This process is also susceptible to the pitfalls of power dynamics, which needs to be managed productively and inclusively in a culturally sensitive way. This is just one of the reasons that knowing how to effectively work with people across cultures is essential for effective conservation.
The highlights and the challenges
Isidoro loves the continuous learning curves this position brings through working with cultures very different from his own.
“We’ll never really know their experiences…it’s a whole different dynamic!”
Likewise, the world of conservation is full of mysteries and a wealth of things to learn. That is especially true of the rainforest, which has been under studied.
Isidoro also loves being a facilitator and translator between cultures. Coming from a Colombian background, but having lived in multiple parts of the United States too, he is frequently in a role of assisting inter-cultural dialogue.
The challenging aspect of this work for him is the immense scale of the problem. It is easy to feel ineffective in the face of it.
“We’re a small NGO. We’re not going to solve everything,”
Among the most painful of these challenges has been the community members lost to Covid. In remote areas where misinformation floated widely, the scars from the pandemic have been deeply felt.
As he says, “[Covid] took a lot of friends from us”.
These scars extend to the economic upheaval that Covid caused, which has led to an increase in violence leveraged against environmental defenders. Isidoro explains that the Amazon Rainforest is a major trafficking thoroughfare for smugglers of illegal products, such as Cocaine. This leaves Indigenous peoples and environmental defenders vulnerable to violence from Brazilian gangs, Colombian Guerrillas, or other organized crime groups. It is important for aspiring conservationists to recognize that this work is not for the faint of heart.
Yet, Isidoro points out that seeing these challenges also highlights the resilience of these communities. They have witnessed everything from colonisation, to organized violence, to Covid; yet, they are still there and practicing traditional ways of knowing. Groups like ACT, and people like Isidoro, intend to ensure that they can continue when there are no shortages of challenges that threaten their way of life.
Isidoro is most proud of the land rights work at ACT. The organisation has been able to place one million hectares of Indigenous lands back within Indigenous ownership. This has not only connected a lot of biologically diverse landscapes, but has also been a victory for human rights.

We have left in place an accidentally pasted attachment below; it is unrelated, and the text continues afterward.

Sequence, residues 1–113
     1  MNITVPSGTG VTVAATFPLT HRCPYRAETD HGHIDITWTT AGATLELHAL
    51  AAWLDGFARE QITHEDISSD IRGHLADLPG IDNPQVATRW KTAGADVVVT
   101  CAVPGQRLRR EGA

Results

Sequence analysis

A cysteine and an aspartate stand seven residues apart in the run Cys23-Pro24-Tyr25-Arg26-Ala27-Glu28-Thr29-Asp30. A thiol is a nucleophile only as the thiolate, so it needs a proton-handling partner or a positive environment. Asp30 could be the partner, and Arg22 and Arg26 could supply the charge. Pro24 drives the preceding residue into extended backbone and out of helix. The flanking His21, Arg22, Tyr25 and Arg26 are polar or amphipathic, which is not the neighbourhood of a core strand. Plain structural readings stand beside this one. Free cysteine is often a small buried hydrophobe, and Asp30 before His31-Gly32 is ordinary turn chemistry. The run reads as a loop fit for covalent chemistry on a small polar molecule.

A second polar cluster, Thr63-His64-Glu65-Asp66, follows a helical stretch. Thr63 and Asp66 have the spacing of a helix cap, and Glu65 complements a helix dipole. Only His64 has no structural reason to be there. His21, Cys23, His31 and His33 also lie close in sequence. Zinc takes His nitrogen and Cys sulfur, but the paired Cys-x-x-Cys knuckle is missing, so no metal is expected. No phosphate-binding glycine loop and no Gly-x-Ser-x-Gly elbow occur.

ACT has begun focusing on this issue in Suriname, where no Indigenous land rights exist. ACT is working on demonstrating, from their success in Colombia, why Indigenous and community land rights matter for everyone.
In fact, when I spoke with him, Isidoro had recently returned from Suriname as part of this endeavour. He is also especially proud of their ability to bring solar panels to communities in Colombia and Suriname and other tribes of the Amazon.
In contrast to the very long-time horizons most their work entails, bringing solar panels to communities has led to tangible and immediate results in the form of energy security. For those that have always had energy available, it is easy to overlook the significance of being able to turn the lights on at night. This also has improved health outcomes as burning wood generates poor air quality, which has compounded the health impacts of Covid.
Advice for beginning conservationists
While education can be helpful in some respects, he emphasized the importance of getting hands-on experience, especially for those early in their career. Education can teach theory, but experience will expose you to the realities and complexities that arise in real life and uncover skills that you may not realise you need until you are in the field.
Isidoro’s work at ACT illustrates how complex interconnected issues of conservation can be. Solutions to them are unlikely to be found in a text book.
Discover the top conservation skills employers want – including the Fundraising and Communication skills Isidoro recommends – in an analysis of nearly 30,000 conservation jobs, from over 100 countries.
Author Profile | Kate Leftin
Kate Leftin is currently getting her Masters of Natural Resources in Virginia Tech’s Center for Leadership in Global Sustainability and is based in Fairfax, Virginia. In addition to her role as a blogger for Conservation Careers, she is a volunteer research assistant with The Nature Conservancy. She also coordinates the onboarding team for her local chapter of Citizens’ Climate Lobby, after initiating this team in the fall of 2021.